The Ontario CEO, as a corollary to that, brought up the example of the minimum spending limit, it being $500 in Ontario, and the challenge of forcing that within a digital environment. We could take a step further and look at that writ large with advertising in general.


     With online advertising, whether it's on Facebook, Instagram, Twitter or more traditional banner ads on websites, it's difficult to maintain a registry or an observation of these advertisements. Unless you or someone connected with the campaign have observed them first-hand, there's not typically a permanent record of that available online. It may not ever even appear to someone individually, based on the metrics that are indicated in an advertisement.
    For example, on Facebook, it can be targeted to people who like a certain page, who may have certain page likes within their Facebook account, so based on that, you may or you may not see a political ad.
    If I happen to like the Conservative Party of Canada on Facebook, if I happen to like Andrew Scheer on Facebook, the Liberal Party or the New Democrats—
    You might need a sanity check.
    I might need a sanity check, but that goes for politicians in general.
    It's probably true.
     Chances are that, if the NDP or the Liberals are running an ad, those who like Andrew Scheer and those who like the Conservative Party or similar entities will be excluded from seeing that ad. The ability to know what its money is being spent on is largely limited to actually being able to physically view an ad. When we have the minister here, we need to have that conversation about how we go about ensuring that, particularly as it relates to third parties.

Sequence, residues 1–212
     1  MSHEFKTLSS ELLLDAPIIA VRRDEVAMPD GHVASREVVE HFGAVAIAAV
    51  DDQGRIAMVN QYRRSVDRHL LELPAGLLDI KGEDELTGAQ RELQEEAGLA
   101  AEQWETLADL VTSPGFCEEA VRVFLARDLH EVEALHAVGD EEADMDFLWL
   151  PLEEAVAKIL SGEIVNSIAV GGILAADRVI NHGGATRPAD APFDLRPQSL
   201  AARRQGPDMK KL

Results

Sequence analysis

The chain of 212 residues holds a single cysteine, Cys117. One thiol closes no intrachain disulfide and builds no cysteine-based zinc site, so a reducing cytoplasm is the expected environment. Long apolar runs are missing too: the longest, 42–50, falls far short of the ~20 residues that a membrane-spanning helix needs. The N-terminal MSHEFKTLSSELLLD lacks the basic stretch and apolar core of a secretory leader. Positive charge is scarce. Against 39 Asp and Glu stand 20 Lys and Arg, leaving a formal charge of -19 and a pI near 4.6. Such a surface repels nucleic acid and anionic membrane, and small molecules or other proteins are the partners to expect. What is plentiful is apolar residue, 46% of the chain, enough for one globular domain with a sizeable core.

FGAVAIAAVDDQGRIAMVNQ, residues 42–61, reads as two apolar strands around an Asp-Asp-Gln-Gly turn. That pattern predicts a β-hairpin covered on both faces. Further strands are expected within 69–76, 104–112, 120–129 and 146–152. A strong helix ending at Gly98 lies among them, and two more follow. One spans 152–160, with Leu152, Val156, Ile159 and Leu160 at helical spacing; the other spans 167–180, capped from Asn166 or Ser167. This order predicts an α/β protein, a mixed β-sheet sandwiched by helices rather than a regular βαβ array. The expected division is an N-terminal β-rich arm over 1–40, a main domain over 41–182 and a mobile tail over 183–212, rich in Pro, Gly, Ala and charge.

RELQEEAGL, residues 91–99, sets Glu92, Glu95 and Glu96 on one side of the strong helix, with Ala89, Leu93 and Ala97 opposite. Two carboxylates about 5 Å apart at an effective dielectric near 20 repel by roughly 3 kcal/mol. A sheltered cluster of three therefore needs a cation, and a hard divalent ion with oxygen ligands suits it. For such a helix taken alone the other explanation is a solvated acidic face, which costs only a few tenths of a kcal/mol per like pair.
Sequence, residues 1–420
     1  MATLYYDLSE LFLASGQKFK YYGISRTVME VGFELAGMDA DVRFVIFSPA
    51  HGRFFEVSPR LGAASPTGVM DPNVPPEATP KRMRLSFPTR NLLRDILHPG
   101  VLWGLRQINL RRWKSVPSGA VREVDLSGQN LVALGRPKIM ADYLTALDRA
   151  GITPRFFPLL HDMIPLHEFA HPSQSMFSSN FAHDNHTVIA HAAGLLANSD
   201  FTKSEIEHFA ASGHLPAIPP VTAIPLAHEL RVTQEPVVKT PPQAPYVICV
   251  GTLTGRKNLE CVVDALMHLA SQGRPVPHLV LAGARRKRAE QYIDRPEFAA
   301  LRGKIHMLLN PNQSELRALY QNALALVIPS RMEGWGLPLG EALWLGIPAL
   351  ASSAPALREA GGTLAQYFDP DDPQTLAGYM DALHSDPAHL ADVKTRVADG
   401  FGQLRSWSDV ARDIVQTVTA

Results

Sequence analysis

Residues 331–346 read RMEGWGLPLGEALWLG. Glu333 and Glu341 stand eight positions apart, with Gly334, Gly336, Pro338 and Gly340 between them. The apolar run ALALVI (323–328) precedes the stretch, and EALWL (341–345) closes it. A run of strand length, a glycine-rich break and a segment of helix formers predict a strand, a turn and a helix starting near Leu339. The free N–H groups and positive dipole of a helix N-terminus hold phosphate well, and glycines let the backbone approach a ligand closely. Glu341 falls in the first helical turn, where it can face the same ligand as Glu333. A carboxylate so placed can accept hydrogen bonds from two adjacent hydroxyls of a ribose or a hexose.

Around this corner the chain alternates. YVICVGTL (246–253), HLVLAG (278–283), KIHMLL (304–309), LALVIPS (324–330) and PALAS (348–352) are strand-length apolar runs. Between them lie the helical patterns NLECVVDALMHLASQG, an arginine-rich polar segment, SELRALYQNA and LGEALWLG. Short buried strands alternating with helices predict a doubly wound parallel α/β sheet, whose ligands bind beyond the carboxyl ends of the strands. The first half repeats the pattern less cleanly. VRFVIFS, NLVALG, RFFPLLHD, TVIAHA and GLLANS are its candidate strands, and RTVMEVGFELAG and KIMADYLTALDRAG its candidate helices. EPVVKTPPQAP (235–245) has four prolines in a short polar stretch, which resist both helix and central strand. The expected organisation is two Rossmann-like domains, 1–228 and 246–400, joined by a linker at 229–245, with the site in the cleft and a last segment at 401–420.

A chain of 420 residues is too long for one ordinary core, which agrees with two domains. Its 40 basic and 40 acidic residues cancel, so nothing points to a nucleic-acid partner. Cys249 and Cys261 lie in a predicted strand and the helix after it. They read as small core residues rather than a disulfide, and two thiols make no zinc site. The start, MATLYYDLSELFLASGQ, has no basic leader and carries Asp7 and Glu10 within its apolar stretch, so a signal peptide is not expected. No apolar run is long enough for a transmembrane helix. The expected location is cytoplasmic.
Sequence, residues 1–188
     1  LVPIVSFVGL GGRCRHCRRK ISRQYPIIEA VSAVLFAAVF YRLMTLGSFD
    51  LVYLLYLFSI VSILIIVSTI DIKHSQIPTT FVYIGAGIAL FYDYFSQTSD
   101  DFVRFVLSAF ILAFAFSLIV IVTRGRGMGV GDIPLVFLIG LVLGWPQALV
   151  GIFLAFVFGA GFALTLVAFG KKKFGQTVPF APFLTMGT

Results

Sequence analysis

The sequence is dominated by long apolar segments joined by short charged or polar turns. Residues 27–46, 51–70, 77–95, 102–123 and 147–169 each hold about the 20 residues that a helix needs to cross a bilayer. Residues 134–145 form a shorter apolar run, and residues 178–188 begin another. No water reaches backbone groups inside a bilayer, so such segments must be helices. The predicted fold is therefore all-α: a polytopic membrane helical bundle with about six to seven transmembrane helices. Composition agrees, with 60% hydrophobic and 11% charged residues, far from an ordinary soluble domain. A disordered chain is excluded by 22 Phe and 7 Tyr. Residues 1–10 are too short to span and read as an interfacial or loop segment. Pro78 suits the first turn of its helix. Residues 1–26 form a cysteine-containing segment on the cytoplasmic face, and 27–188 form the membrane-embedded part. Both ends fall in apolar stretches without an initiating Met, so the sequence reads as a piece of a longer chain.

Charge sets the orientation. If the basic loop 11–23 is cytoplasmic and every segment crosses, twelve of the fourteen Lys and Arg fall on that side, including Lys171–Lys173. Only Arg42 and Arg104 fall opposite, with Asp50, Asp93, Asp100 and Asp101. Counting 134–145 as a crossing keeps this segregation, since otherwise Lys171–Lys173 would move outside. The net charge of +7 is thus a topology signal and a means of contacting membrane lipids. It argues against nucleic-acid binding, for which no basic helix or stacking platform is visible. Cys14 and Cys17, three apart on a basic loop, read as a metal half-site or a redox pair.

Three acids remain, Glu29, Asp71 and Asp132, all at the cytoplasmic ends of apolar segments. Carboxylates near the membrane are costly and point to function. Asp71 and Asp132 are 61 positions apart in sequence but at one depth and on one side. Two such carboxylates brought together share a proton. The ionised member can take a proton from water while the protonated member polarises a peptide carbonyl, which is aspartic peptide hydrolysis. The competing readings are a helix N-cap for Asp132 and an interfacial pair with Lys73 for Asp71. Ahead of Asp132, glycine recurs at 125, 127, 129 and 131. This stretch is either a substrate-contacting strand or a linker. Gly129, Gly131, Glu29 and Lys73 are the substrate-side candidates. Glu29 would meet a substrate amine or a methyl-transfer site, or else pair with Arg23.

In terms of political actors, the disclosure of information is, I would say, fairly robust. We are, through the Canada Elections Act, required to report all expenses, all contributions, so it's dealt with that way. Again, there are always challenges, but if money was spent on Facebook advertising, if money was spent on online advertising, as a matter of the law and as a matter of electoral rebates, for that matter, political entities report that on their returns.
    A third party who is not required to register, though, will not have those same dynamics, so we need to have the conversation with the minister in terms of how we go about addressing those types of concerns, particularly in a digital environment.